Malaysian Prime Minister Mahathir Mohamad, who returned to power at the age of 92 in 2018 with a surprise election victory over his former protege Najib Razak, made an equally stunning departure on Monday by resigning his office without warning or explanation.
Mahathir has agreed to serve as interim prime minister at the request of Malaysia’s king until a replacement can be sworn in.
The prime minister’s surprise resignation left Malaysia in turmoil by shattering its dominant political alliance, as the Wall Street Journal reported on Monday:
Neither the prime minister’s office nor Mr. Mahathir’s political party, Parti Pribumi Bersatu Malaysia, known as Bersatu, provided a reason for the abrupt resignation. Earlier in the day, Bersatu’s president said the party was pulling out of the ruling coalition amid reports of internal turmoil in the party.
The messy developments left the alliance—which won an astonishing election victory in 2018 and promised to shift the course of Malaysian politics—in tatters. “The fact that this coalition has collapsed is one thing, but the fact that it’s collapsed in the way that it has, full of all of this drama and uncertainty and a lack of clarity, sends a lot of shock through the system,” said Bridget Welsh, a University of Nottingham Malaysia honorary research associate.
The 2018 polls marked a watershed moment because Mr. Mahathir’s Alliance of Hope defeated the United Malays National Organization that had dominated politics in Malaysia since independence in 1957. The outcome represented a democratic transfer of power in a region where authoritarianism and one-party rule have persisted. The coalition ousted former Prime Minister Najib Razak, who is on trial over a financial scandal involving the theft of billions of dollars from state investment fund 1MDB.
The diverse coalition included Mr. Mahathir’s political rival, Anwar Ibrahim, a former protégé he shares a complicated relationship with. Mr. Mahathir ruled Malaysia for years through the 1980s and 1990s, with Mr. Anwar serving as his deputy for some of that time. Mr. Mahathir fired Mr. Anwar after the two disagreed over how to handle the Asian economic crisis of the late 1990s. Mr. Anwar was then jailed for sodomy—a charge he has long denied.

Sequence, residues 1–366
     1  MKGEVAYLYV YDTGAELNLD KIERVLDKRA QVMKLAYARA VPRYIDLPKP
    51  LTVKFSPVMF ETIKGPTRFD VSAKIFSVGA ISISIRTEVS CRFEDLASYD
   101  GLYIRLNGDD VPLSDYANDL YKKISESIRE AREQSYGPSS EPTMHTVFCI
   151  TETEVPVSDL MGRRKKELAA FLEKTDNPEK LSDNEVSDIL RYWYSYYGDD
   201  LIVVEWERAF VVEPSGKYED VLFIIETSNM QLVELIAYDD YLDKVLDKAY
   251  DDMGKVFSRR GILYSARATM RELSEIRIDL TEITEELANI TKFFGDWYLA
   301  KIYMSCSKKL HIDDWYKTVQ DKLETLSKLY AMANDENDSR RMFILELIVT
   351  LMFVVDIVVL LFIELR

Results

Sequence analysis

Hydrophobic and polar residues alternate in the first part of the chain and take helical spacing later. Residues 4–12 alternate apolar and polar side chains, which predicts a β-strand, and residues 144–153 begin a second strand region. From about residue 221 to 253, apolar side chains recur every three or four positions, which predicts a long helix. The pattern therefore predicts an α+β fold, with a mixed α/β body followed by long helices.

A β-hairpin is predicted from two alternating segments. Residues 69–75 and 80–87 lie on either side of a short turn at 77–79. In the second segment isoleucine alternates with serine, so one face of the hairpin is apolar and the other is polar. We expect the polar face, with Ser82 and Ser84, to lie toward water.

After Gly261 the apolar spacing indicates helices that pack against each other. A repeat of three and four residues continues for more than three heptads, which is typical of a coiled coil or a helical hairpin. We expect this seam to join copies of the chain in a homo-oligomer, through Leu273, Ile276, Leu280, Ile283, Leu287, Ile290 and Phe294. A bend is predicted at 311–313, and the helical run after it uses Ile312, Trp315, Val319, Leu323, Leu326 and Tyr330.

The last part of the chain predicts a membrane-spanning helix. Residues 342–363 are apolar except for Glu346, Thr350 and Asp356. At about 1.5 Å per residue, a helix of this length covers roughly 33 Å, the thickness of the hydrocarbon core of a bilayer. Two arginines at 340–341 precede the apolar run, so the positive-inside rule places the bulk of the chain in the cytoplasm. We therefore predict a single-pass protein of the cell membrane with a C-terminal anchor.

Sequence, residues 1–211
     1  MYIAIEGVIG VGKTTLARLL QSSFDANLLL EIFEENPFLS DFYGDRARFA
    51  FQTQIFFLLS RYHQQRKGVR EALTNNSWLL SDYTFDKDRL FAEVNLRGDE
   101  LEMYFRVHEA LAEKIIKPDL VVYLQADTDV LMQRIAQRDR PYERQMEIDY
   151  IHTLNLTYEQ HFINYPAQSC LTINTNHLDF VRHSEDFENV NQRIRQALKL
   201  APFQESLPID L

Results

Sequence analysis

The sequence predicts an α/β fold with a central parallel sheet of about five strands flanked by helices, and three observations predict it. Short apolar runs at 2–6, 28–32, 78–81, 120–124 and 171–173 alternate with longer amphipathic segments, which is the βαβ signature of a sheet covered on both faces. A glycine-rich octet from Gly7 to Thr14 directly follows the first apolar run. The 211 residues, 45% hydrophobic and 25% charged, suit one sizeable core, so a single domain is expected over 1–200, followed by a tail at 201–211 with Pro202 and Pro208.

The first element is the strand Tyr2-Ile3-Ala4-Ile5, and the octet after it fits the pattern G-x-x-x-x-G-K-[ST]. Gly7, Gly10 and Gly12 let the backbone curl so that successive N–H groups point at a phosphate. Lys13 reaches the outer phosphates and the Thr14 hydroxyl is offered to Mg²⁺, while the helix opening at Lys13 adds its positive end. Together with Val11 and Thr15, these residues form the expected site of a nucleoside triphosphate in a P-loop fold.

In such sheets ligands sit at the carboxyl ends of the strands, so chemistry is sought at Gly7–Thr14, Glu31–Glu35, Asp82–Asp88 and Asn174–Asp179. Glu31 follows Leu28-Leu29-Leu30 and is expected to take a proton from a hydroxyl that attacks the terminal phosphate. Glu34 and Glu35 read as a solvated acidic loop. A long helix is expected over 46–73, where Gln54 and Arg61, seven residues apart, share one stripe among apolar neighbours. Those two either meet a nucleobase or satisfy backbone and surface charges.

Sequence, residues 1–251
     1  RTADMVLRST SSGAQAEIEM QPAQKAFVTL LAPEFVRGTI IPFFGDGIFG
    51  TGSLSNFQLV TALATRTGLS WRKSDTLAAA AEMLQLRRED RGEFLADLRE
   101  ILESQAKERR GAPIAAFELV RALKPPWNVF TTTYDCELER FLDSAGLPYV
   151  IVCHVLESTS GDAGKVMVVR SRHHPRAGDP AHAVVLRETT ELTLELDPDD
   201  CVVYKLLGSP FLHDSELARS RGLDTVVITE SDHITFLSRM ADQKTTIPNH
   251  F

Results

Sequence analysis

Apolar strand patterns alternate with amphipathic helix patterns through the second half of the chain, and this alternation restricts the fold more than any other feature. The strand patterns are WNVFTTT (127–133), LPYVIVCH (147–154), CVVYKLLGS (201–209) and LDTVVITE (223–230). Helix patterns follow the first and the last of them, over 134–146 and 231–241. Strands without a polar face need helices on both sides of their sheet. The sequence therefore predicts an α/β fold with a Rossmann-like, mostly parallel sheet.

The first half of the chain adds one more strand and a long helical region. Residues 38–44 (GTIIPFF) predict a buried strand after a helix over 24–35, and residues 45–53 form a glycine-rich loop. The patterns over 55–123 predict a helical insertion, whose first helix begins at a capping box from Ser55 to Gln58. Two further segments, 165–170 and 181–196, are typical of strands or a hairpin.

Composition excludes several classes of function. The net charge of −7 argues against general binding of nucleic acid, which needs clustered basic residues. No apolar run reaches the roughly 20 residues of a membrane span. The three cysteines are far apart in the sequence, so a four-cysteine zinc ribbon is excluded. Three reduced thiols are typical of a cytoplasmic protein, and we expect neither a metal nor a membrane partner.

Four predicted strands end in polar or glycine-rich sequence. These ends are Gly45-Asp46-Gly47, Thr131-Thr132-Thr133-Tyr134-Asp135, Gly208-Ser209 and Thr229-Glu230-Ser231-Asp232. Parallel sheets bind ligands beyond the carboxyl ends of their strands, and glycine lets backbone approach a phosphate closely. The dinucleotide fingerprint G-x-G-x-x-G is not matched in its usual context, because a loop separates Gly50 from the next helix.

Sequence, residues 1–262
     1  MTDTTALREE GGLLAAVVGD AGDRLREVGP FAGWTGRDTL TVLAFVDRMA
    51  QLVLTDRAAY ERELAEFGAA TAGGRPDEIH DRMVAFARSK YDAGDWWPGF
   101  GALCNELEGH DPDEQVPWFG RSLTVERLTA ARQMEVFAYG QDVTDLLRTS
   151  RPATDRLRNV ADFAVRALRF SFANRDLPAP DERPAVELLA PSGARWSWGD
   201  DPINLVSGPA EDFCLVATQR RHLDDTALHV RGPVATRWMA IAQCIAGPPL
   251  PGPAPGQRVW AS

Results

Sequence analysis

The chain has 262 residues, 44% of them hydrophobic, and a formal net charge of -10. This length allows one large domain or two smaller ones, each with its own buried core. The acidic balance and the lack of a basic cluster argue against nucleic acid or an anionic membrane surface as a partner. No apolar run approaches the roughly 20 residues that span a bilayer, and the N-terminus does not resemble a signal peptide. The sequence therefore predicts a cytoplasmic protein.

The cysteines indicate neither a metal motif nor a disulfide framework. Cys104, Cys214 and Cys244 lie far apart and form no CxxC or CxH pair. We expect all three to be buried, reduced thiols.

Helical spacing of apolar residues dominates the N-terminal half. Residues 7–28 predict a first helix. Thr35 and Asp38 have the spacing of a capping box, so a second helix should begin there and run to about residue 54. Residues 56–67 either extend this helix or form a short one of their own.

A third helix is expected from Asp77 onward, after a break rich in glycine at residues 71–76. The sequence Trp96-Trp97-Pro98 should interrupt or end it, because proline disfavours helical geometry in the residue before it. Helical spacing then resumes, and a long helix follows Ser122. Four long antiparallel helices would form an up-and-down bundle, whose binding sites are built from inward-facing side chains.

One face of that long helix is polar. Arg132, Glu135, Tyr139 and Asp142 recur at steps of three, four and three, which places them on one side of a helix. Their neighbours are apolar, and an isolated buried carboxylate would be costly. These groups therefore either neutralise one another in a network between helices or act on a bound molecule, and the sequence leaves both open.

The only sign of trouble over the weekend was Anwar talking vaguely about “betrayal” on Sunday, although he might not have been talking about betrayal by Mahathir. Members of Anwar’s party spoke of opposing some sort of “conspiracy” aimed at bringing Mahathir down, while Anwar himself said Mahathir resigned because he was insulted by accusations that he was secretly planning to abandon his current allies and form an anti-corruption alliance with the opposition parties he defeated in 2018.
“I appealed to him on behalf of Keadilan and Pakatan, that this treachery could be dealt with together, but of course he’s got a different mind,” Anwar said on Monday, telling reporters he had begged Mahathir to stay.
“He thought that he shouldn’t be treated in that manner, to associate him in working with those we believe are blatantly corrupt,” Anwar said of the rumors that Mahathir would be pressed into a partnership with the opposition.
Other theories suggest Mahathir resigned because he did not wish to complete a pre-election deal he made with Anwar to transfer power to him. Longtime observers of Malaysian politics described Mahathir as a clever strategist and wily survivor who might even have staged his resignation in a bid to consolidate power, potentially returning as prime minister in a few weeks with a different governing coalition, cabinet, and policy agenda.
AFP’s sources indicated rivals within Anwar’s party were working with opposition politicians to cut Anwar out of the ruling coalition and form a new government around Mahathir, who either refused to go along with it or resigned because he was involved in the plan but could not politically survive the embarrassment of getting caught while trying to undermine Anwar’s much larger party.
Mahathir’s Bersatu party vowed personal loyalty to him and withdrew from the governing coalition on Monday. Two ministers were dismissed from Anwar’s People’s Justice Party, prompting nine lawmakers to resign from the party in solidarity and announce they would form their own independent parliamentary bloc. Anwar angrily denounced “traitors” within his own party and Bersatu for scheming to bring down the government and sabotage the ruling coalition.
If Mahathir’s resignation sticks, a possible successor would be Deputy Prime Minister Wan Azizah Wan Ismail, who would become the first female prime minister of Malaysia.
According to sources inside Anwar’s party, Wan Azizah will soon be named interim prime minister because none of the competing coalitions in parliament have enough muscle to form a government. In theory, any lawmaker who can muster enough votes could become prime minister, pending the approval of the king. If no one can bank the necessary number of votes and secure royal approval, new elections would most likely be held. There is no strict upper limit on how long an interim prime minister can govern, and few limitations on their power compared to a full prime minister.
Ironically, one of the reasons Mahathir’s governing coalition was on shaky ground with Malaysian voters was the difficulty of attracting investment to Malaysia because competing nations in the region are seen as more politically stable. Malaysia’s stock market hit an eight-year low after news of Mahathir’s resignation broke, with anxiety about the coronavirus epidemic and attendant reduced business from China seen as a contributing factor in ending the longest bull run in the world.